The explicit recognition that equal opportunity and true freedom require economic security was stated by President Franklin D. Roosevelt in his proposal for an economic bill of rights [2] and by Senator Bernie Sanders in his statements on what democratic socialism means to him (although technically speaking, he was describing social democracy and not democratic socialism). [3] [4] (See this footnote for a definition of democratic socialism and communism. [5])

Currently, Republicans are using “socialism” as a dog whistle to mean the use of government resources to promote racial equity and justice. Their dog whistle definition of “socialism” is the use of taxes paid by hardworking white men (and women) to benefit lazy people of color who are happy to live on government benefits. Today’s Republicans claim this “socialism” will undermine American democracy and freedom. The dog whistle is that these policies will undermine the “freedom” and privilege of white people.

This use of “socialism” goes back to 1871 when southern Democrats claimed they opposed voting by Blacks, not due to racism, but because Black voters would elect policy makers who would promote “socialism,” i.e., taxing white property owners to pay for roads, schools, and hospitals that would benefit Blacks. [6] They argued that Black voting would lead to “socialism” that would destroy America (namely the America of white supremacy). [7] [8]

After the Brown v. Board of Education decision in 1954, which found racial segregation in public schools unconstitutional, the use of government resources to enforce desegregation and civil rights was attacked as “socialism” because the costs of implementing desegregation and civil rights (for “undeserving” Black people) would be paid for by taxes on hardworking white men (and women). In 1958, Republican Senator Barry Goldwater accused his own party’s President Eisenhower of succumbing to “the siren song of socialism” for his use of government resources (troops) to enforce desegregation of Little Rock, Arkansas, High School. The irony was that the Goldwater family had made its money from government funding for dam construction in Arizona. [9]

Republican attacks on government, on a public safety net, and on beneficiaries of public assistance (inaccurately stereotyped as people of color) took on new strength and significance with the election of President Reagan in 1980. Remember Reagan’s attack on the mythical “welfare queen” with her Cadillac and mink coat? The attacks on “socialism” as a dog whistle for racism have only escalated since then.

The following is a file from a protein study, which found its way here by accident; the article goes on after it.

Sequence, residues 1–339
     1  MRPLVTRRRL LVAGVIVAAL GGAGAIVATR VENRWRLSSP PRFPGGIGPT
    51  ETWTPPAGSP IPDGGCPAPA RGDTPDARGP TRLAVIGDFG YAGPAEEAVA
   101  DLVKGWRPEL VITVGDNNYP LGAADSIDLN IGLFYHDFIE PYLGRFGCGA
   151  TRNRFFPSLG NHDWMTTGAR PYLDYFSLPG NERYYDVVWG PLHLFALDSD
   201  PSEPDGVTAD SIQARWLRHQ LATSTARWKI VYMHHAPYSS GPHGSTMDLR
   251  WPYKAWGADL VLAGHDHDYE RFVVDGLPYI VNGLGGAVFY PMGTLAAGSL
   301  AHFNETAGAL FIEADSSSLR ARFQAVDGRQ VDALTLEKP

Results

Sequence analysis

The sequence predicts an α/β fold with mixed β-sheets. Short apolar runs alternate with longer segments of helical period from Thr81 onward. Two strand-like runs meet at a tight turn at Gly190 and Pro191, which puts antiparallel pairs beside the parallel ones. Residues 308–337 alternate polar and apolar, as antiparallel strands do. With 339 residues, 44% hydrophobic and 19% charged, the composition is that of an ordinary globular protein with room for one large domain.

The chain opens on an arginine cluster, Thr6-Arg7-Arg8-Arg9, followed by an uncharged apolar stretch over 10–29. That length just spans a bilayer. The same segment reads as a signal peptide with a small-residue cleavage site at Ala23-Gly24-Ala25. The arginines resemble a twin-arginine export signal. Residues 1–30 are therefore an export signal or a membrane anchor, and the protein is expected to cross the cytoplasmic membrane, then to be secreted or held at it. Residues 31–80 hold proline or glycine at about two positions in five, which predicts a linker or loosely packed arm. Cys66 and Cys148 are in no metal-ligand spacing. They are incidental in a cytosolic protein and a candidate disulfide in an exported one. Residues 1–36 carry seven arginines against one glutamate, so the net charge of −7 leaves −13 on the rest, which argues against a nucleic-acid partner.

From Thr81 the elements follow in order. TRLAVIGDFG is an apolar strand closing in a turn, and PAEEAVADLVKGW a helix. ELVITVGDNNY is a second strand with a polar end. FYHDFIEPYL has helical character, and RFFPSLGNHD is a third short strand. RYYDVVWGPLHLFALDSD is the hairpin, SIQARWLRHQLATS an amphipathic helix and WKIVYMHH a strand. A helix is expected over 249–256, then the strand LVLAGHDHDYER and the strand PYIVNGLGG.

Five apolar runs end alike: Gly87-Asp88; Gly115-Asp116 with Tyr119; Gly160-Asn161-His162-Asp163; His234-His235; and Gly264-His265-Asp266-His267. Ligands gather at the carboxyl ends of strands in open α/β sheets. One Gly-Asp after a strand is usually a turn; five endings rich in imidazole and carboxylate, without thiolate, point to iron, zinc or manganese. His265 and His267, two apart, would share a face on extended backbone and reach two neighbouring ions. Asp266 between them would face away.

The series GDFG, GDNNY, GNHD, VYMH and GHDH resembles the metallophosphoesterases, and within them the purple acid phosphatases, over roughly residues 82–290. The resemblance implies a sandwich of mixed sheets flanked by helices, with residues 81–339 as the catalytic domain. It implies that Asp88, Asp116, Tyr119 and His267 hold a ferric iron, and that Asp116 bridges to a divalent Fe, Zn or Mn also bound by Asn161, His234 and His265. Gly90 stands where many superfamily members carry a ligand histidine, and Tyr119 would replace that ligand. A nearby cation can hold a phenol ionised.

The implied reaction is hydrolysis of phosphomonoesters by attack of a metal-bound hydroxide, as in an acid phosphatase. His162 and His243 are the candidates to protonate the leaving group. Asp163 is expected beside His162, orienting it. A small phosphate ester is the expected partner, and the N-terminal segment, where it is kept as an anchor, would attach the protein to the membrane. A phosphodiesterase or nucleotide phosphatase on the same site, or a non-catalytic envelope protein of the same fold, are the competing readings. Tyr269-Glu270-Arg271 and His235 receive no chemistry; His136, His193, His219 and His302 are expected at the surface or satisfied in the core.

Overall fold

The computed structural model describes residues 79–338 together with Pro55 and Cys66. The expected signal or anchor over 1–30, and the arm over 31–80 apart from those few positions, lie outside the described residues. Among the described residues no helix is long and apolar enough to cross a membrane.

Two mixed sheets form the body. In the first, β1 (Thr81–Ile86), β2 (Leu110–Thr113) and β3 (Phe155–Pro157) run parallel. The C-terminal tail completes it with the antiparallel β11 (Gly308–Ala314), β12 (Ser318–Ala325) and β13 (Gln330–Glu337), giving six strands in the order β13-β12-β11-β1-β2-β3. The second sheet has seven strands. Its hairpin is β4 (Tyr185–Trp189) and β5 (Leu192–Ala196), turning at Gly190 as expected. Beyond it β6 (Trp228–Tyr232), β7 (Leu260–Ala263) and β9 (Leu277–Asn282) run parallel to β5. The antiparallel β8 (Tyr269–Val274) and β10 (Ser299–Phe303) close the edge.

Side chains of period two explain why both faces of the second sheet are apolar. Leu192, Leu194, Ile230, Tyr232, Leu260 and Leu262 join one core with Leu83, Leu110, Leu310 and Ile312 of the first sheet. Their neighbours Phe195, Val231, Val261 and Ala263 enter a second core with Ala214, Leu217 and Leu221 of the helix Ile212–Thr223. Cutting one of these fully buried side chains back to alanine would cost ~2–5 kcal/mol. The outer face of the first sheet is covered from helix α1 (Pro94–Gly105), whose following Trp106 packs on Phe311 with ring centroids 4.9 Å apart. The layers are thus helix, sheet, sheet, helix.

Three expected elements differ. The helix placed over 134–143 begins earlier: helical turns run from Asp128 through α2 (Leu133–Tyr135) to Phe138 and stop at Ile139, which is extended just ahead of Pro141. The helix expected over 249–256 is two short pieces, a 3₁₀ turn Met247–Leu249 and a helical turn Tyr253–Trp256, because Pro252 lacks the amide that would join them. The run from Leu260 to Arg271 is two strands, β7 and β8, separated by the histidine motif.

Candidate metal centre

Today, Republicans are vigorously charging that President Biden and Democrats are working to bring “socialism” to America. They claim that a no-holds-barred fight is necessary to save American from “socialism.” They are even willing to dispense with a commitment to democracy to “save” America. This disregard for democracy dates to at least 1980 when Republican strategist Paul Weyrich stated, “I don’t want everybody to vote …our leverage in the elections quite candidly goes up as the voting populace goes down.” That’s why Republicans have been and are actively engaged in voter suppression efforts. (Weyrich was a co-founder of the Heritage Foundation, which today is deeply involved in promoting state voting suppression laws and with the “audit” of voting in Arizona and elsewhere.) In October 2020, Utah Senator Mike Lee tweeted, “Democracy is not the objective … liberty, peace, and prosperity are. … democracy can thwart that.” [10]

Republicans are claiming today, as white southern Democrats did after the Civil War, that keeping “socialism” from coming to America requires keeping Black and other likely Democratic voters from voting; democracy, our Constitution, and our founding principles (which make America exceptional) be damned. The racism of the post-Civil War white Democrats’ attacks on “socialism” was made clear by the brutal Jim Crow laws they implemented to keep Blacks in their place and to prevent them from voting.

The implications of today’s Republicans’ claims of needing to prevent “socialism” in America aren’t completely clear, but civil rights, police reform, and social and economic justice are definitely targets. However, the racism behind their attacks on “socialism” is clear and these attacks should no longer be a dog whistle; every American should hear the racism in their attacks on “socialism” loudly and clearly.